CSRP merged with data on homicides across
Chicago, we hypothesized that exposure to re-
cent homicides occurring within close geo-
graphic proximity to childrens homes affects
childrens ability to maintain focus, control im-
pulses, and perform well on tests of preacademic
cognitive skills.
Data came from 2 sources: the CSRP and
police records from the Chicago Police De-
partment. The CSRP is a multicomponent,
classroom-based preschool intervention
Using a clustered randomized con-
trolled trial design, the CSRP measured child
school readiness in 18 Head Start sites in the
Fall and Spring of the preschool year. A total of
Objectives. We examined whether the burden of violence in a child’s com-
munity environment alters the child’s behavior and functioning in the classroom
Methods. To identify the effects of local violence, we exploited variation in the
timing of local homicides, based on data from the Chicago Police Department,
relative to the timing of interview assessments conducted as part of a random-
ized controlled trial conducted with preschoolers in Head Start programs from
2004–2006, the Chicago School Readiness Project. We compared children’s
scores when exposed to recent local violence with scores when no recent
violence had occurred to identify causal effects.
Results. When children were assessed within a week of a homicide that
occurred near their home, they exhibited lower levels of attention and impulse
control and lower preacademic skills. The analysis showed strong positive
effects of local violence on parental distress, providing suggestive evidence that
parental responses may be a likely pathway by which local violence affects
young children.
Conclusions. Exposure to homicide generates acute psychological distress
among caregivers and impairs children’s self-regulatory behavior and cognitive
functioning. (Am J Public Health. 2012;102:2287–2293. doi:10.2105/AJPH.2012.
December 2012, Vol 102, No. 12 |American Journal of Public Health Sharkey et al. |Peer Reviewed |Research and Practice |2287
496 children participated in the CSRP with
cohort 1 participating in 2004---2005 and
cohort 2 participating in 2005---2006. Chil-
dren were 49.24 months in age, on average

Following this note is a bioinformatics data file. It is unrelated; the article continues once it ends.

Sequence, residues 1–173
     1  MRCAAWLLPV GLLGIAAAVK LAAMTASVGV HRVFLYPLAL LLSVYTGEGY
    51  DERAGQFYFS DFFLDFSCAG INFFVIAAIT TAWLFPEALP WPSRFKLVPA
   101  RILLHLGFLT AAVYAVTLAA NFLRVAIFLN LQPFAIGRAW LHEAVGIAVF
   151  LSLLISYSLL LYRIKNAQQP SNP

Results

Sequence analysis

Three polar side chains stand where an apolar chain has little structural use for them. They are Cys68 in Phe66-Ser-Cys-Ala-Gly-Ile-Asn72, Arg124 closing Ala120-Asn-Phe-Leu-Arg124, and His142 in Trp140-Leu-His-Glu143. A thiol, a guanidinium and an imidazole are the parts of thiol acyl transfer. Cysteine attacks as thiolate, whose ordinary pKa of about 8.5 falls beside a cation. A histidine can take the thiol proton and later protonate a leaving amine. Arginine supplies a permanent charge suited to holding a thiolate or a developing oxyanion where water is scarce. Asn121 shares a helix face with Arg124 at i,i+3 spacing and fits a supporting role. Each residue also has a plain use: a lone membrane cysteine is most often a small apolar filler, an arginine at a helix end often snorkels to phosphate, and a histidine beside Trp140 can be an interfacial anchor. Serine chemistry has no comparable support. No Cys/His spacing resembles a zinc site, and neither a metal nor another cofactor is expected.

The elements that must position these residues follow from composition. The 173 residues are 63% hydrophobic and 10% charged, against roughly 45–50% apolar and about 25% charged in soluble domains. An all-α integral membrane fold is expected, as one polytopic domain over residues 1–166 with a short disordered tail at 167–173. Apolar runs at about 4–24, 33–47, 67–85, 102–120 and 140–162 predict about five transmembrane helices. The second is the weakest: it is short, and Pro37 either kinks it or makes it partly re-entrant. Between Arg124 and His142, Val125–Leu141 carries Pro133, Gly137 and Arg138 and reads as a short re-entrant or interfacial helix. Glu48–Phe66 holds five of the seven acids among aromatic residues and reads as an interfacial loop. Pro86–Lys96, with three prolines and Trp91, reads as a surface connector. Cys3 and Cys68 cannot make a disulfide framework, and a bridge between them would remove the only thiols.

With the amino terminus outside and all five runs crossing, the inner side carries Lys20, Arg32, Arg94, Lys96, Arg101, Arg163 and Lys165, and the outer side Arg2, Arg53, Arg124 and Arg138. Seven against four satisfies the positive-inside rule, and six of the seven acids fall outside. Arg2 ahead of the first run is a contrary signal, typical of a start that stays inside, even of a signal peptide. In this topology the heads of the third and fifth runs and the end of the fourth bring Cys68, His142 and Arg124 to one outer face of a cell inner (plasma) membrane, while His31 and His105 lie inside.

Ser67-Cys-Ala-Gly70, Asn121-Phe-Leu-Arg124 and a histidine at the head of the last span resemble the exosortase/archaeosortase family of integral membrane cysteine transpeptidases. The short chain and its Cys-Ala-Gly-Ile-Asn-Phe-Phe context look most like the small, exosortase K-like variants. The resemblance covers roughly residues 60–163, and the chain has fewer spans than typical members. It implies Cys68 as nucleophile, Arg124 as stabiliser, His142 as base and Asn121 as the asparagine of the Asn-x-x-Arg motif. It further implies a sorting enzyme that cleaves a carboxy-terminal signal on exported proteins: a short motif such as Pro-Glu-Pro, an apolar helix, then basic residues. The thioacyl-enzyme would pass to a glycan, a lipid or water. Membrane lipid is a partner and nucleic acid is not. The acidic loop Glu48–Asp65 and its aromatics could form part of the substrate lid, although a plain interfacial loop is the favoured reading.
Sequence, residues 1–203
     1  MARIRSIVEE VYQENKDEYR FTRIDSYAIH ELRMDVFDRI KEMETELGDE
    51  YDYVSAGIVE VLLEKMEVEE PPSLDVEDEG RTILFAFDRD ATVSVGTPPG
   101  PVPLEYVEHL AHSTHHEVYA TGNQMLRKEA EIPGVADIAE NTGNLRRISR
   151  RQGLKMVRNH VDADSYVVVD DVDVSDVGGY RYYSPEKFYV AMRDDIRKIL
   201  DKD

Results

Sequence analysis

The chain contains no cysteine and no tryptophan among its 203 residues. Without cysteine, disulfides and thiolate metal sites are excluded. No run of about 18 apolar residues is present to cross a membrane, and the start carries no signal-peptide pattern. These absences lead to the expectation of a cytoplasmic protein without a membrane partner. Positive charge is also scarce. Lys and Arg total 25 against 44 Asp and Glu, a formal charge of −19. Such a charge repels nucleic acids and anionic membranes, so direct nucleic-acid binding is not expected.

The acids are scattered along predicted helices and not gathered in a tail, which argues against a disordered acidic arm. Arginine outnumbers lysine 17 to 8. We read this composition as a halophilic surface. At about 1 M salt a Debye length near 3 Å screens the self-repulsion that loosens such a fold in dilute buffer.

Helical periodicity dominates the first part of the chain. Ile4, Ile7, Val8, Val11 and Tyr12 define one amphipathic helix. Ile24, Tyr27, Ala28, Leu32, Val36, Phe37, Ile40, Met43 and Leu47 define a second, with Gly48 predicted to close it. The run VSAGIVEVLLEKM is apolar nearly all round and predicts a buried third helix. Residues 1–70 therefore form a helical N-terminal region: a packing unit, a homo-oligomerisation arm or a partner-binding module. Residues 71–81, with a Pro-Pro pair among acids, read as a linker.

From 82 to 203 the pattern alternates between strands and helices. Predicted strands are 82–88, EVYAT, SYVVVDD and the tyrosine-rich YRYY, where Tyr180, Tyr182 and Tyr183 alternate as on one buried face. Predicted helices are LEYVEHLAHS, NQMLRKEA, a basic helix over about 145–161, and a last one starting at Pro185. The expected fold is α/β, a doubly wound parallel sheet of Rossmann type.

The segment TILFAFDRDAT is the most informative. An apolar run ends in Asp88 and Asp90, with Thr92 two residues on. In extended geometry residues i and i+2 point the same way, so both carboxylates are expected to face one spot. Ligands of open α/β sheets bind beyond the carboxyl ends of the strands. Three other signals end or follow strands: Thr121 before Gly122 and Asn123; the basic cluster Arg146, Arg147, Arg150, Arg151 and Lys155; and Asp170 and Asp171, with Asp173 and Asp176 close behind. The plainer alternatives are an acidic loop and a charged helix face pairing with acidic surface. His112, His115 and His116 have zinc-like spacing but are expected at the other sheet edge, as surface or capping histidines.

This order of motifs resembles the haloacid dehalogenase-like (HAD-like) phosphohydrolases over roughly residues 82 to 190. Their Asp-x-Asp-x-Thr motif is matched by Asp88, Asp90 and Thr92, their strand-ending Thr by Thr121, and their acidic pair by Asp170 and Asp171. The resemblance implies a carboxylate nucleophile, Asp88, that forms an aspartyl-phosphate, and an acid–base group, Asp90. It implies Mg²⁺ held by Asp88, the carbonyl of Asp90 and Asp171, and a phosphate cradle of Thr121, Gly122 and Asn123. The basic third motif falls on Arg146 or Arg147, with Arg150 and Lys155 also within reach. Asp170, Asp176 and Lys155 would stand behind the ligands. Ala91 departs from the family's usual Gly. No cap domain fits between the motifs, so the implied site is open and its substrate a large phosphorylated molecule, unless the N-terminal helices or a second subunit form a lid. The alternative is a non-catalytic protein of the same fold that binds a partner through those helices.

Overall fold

(SD = 7.48). Families were predominantly low
income with a mean income-to-needs ratio of
0.70 (SD = 0.58). Additional demographic
characteristics of these children and their fam-
ilies are presented in Table 1.
dimensions of childrens self-regulation and pre-
academic skills (brief descriptions are provided
here, and more detailed descriptions of all out-
come measures are available as a supplement to
the online version of this article at http://www. Childrens self-regulatory behavior was
based on the Preschool Self-Regulation Assess-
ment (PSRA),
which was used in the CSRP to
capture childrens strengths and difculties in
behavioral self-regulation along (1) global
dimensions of attention and impulse control as
well as (2) component dimensions of executive
functioning and effortful control. Procedurally,
the PSRA rst obtains a direct assessment of
childrens executive functioning and effortful
control, where the assessor records live-coded
latencies or performance levels for a range of
lab-based tasks that have been adapted for eld
executive functioning tasks and 4 effortful con-
trol tasks were standardized and then averaged
into 2 composites. After the tasks were admin-
istered, the 28-item PSRA Assessor Report was
Providing a global picture of
childrens emotions, attention, and impulsivity
throughout the assessor---child interaction, items
were coded by using a Likert scale ranging from
0 to 3, with some items reverse-coded to
minimize automatic responding.
Preacademic skills were measured with as-
sessments of vocabulary and early math skills.
A shortened version of The Peabody Picture
Vocabulary Test (a= 0.78) with 24 items was
administered to the child by the assessor
A parallel Spanish-language
version of the PPVT, entitled the Test de
Vocabulario en Imagenes Peabody
was ad-
ministered to Spanish-procient and bilingual
children. The Early Math Skills (a= 0.82)
portion of the cognitive assessment consists of19
items and covers basic addition and subtrac-
This set of measures has been used
extensively in national surveys of Head Start---
enrolled 4-year-old childrens school readiness
and has demonstrated high levels of internal,
criterion, and predictive validity for low-income,
ethnic minority children.
Lastly, parentsmental health was measured
with the K6, a 6-question scale of psychological
distress developed for the US National Health
Interview Survey.
Parents were interviewed by
a group of masters level assessors in the fall of
their childs preschool year. Items were coded
0 to 4 and a mean score was calculated ranging
from 0 to 4 (a=0.78).
We derived our measure of exposure to
violence from incident-level records of all
homicides that occurred in the city of Chicago